1. Gustavo Espinoza-Vergara, Parisa Noorian, Cecilia A. Silva-Valenzuela, Benjamin B. A. Raymond, Christopher Allen, M. Mozammel Hoque, Shuyang Sun, Michael S. Johnson, Mathieu Pernice, Staffan Kjelleberg, Steven P. Djordjevic, Maurizio Labbate, Andrew Camilli, Diane McDougald. Vibrio cholerae residing in food vacuoles expelled by protozoa are more infectious in vivoNature Microbiology, 2019; DOI: 10.1038/s41564-019-0563-x
  2. Bines, J., At Thobari, J., Satria, C., Handley, A., Watts, E., & Cowley, D. et al. (2018). Human Neonatal Rotavirus Vaccine (RV3-BB) to Target Rotavirus from Birth. New England Journal Of Medicine378(8), 719-730. doi: 10.1056/nejmoa1706804
  3. Mannix, L. (2021). Eureka science prizes go to childhood vaccine and microplastics hotspot hunt. Retrieved 9 October 2021, from https://www.smh.com.au/national/childhood-vaccine-microplastics-hotspot-hunt-take-top-science-gongs-20211007-p58xyi.html
  4. Protozoans and pathogens make for an infectious mix. (2021). Retrieved 9 October 2021, from https://www.uts.edu.au/news/health-science/protozoans-and-pathogens-make-infectious-mix
  5. Tu, J. (2021). Meet the women transforming science in Australia: Eureka Prize finalists. Retrieved 9 October 2021, from https://womensagenda.com.au/latest/meet-the-women-transforming-science-in-australia-eureka-prize-finalists/
October 11, 2021

Episode 452 - Eureka Prizes 21 - Fighting back against viruses

We celebrate the winners of the Eureka Prizes in 2021. The top prizes in Aussie Science shows that it's possible for major science awards to not be male dominated.  Are humans just the collateral damage of the war between cholera and protozoa? How does getting eaten actually make cholera stronger? We celebrate the achievements of Australian scientists helping make rotavirus vaccines more accessible for all. Producing vaccines cheaply and locally, that are easy to roll out can save half a million lives each year. Whilst vaccines for rotavirus exist already they are complex and costly. Aussie researchers are helping make it simpler and widely available.

References:

  1. Gustavo Espinoza-Vergara, Parisa Noorian, Cecilia A. Silva-Valenzuela, Benjamin B. A. Raymond, Christopher Allen, M. Mozammel Hoque, Shuyang Sun, Michael S. Johnson, Mathieu Pernice, Staffan Kjelleberg, Steven P. Djordjevic, Maurizio Labbate, Andrew Camilli, Diane McDougald. Vibrio cholerae residing in food vacuoles expelled by protozoa are more infectious in vivoNature Microbiology, 2019; DOI: 10.1038/s41564-019-0563-x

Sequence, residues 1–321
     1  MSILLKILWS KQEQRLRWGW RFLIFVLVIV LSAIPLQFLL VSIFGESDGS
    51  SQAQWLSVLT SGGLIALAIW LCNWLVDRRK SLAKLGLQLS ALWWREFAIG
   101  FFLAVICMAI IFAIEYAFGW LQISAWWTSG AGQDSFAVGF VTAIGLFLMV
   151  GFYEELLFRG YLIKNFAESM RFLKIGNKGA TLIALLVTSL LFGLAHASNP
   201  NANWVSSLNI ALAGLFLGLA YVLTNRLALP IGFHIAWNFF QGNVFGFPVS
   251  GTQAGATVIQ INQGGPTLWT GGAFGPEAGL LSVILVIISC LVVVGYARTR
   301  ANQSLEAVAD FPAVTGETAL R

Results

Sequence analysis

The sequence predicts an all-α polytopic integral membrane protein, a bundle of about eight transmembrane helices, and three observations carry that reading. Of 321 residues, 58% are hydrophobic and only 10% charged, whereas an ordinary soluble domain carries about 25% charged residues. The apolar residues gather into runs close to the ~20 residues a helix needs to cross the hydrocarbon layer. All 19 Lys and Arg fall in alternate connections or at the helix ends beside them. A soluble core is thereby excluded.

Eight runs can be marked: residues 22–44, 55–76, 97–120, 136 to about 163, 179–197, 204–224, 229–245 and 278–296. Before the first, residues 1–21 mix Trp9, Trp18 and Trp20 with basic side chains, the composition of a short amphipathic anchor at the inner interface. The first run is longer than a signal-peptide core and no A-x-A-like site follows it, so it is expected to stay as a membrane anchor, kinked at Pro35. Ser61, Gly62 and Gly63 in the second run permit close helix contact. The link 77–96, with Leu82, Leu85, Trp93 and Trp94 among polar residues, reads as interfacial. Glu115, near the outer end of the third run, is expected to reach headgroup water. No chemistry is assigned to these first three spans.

2. Bines, J., At Thobari, J., Satria, C., Handley, A., Watts, E., & Cowley, D. et al. (2018). Human Neonatal Rotavirus Vaccine (RV3-BB) to Target Rotavirus from Birth. New England Journal Of Medicine378(8), 719-730. doi: 10.1056/nejmoa1706804
  3. Mannix, L. (2021). Eureka science prizes go to childhood vaccine and microplastics hotspot hunt. Retrieved 9 October 2021, from https://www.smh.com.au/national/childhood-vaccine-microplastics-hotspot-hunt-take-top-science-gongs-20211007-p58xyi.html
  4. Protozoans and pathogens make for an infectious mix. (2021). Retrieved 9 October 2021, from https://www.uts.edu.au/news/health-science/protozoans-and-pathogens-make-infectious-mix
  5. Tu, J. (2021). Meet the women transforming science in Australia: Eureka Prize finalists. Retrieved 9 October 2021, from https://womensagenda.com.au/latest/meet-the-women-transforming-science-in-australia-eureka-prize-finalists/
October 4, 2021

Episode 451 - Microbes and Metals as allies and enemies

Microbes and metals as enemies and allies. Metals can have superb antimicrobial properties but they're not ideal for making sheets...unless. Using a melt in your hand melt, and some copper you can make antimicrobial sheets and masks. Metals are great at fighting microbes but are challenging to make comfortable to wear. Is it possible to get a bio drive fuel cell? Bacteria can be used to clean up waste, but can they also make electricity at the same time? Cleaning up pollution and producing renewable electricity, what's not to love about the bacteria Shenwanella. With metallic tinged skin, bacteria can be boosted into a garbage eating electricity producing machine.